Foo dogs are a motif in my novel Norman in the Painting. Here is an excerpt from Chapter One. Jill meets Norman for the first time when he appears in the antique shop and asks Jill what she is holding. She answers foo dogs and he wants to more about them:
“They are believed to provide protection for you and your home, especially if you place one on each side of your doors.” She couldn’t shake the dizziness she felt since he spoke to her, but she visualized roots from her feet connecting with the center of the earth, which was her way of grounding.
“Those don’t look like dogs. Look more like lions.” The man leaned forward in his chair and then stood as if to see better.
Jill regained her equilibrium enough to move around Evelyn’s open-shelf divider. She stopped at the end of the desk and handed him one.
He turned the statue around in his hands. “Still looks like a lion to me.”
“Another name for them in Chinese is shi. It means lion, but here in the US they’re called foo dogs and have many different styles. Some look like dragons. Some are dog-like. Some even look like large cats with fluffy tails. These do look like lions.” Caution sent a fleeting thought not to be too comfortable talking to this man.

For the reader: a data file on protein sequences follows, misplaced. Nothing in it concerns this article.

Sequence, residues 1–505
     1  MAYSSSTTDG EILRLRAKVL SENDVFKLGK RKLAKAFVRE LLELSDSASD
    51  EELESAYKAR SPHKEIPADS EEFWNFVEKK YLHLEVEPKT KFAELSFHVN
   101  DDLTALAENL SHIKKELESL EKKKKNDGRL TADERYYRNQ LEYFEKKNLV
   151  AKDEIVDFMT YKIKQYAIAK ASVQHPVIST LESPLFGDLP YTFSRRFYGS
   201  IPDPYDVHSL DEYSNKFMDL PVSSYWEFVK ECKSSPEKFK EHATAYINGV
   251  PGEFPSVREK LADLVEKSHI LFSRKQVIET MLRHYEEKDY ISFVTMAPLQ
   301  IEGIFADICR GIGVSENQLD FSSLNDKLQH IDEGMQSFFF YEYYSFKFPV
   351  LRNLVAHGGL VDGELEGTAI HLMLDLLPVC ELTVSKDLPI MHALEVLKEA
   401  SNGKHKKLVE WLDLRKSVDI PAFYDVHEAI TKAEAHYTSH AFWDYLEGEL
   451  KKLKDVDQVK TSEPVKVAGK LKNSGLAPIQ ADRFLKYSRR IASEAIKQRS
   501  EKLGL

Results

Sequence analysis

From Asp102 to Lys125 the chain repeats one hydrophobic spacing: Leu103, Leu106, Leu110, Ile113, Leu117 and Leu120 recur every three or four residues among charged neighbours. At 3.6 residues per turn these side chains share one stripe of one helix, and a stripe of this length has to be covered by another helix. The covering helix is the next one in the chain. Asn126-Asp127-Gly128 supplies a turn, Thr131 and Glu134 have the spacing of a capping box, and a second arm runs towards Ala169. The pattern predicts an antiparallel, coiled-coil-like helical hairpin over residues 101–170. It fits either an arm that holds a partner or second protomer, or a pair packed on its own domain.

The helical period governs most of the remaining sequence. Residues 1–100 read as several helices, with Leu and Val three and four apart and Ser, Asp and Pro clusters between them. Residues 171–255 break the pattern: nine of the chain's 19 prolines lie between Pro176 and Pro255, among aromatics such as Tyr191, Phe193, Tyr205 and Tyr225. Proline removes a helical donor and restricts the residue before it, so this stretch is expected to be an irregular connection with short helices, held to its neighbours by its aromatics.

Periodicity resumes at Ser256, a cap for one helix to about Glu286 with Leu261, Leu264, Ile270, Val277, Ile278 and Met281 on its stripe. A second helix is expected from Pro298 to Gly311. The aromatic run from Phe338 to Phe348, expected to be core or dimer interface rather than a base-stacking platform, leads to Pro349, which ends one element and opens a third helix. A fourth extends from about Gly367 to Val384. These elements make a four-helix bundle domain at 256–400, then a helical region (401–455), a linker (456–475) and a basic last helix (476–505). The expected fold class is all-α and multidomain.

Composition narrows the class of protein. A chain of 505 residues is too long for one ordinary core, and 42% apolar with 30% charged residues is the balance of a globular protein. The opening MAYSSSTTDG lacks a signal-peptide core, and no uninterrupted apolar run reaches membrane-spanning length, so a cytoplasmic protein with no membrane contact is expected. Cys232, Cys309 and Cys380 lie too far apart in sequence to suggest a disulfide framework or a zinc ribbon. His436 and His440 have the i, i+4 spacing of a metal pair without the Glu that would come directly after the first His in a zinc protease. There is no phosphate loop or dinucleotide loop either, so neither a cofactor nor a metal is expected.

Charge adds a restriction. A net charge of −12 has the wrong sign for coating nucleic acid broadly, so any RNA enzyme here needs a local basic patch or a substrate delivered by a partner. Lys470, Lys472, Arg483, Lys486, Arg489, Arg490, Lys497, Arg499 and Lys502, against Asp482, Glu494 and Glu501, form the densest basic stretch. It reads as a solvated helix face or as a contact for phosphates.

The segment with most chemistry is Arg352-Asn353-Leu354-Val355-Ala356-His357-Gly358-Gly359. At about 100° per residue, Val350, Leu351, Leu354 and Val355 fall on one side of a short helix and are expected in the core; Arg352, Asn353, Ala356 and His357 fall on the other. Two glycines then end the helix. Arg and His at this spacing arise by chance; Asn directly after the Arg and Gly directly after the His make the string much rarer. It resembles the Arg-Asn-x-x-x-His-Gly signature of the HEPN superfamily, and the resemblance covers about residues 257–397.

He handed the statue back to Jill and grinned. “Nice to learn something for a change. Are you a teacher?”
His grin sent a flip-flop flutter to her stomach, that same flutter she felt with Reggie when they were dating. What was wrong with her? She didn’t know this guy. “Not a teacher, I’m a CPA.” Jill took a step backwards and clasped the foo dog tighter. “Usually, there’s an older man sitting there. Are you related to him?”
Motifs are repeated through the novel. I like the power of three. The second time I refer to foo dogs is when Jill has a dream about them. She senses the dream predicts future danger. The third time, Jill takes a pair of foo dogs to her sister’s house to protect Vivian.
How do you use motif in your writing?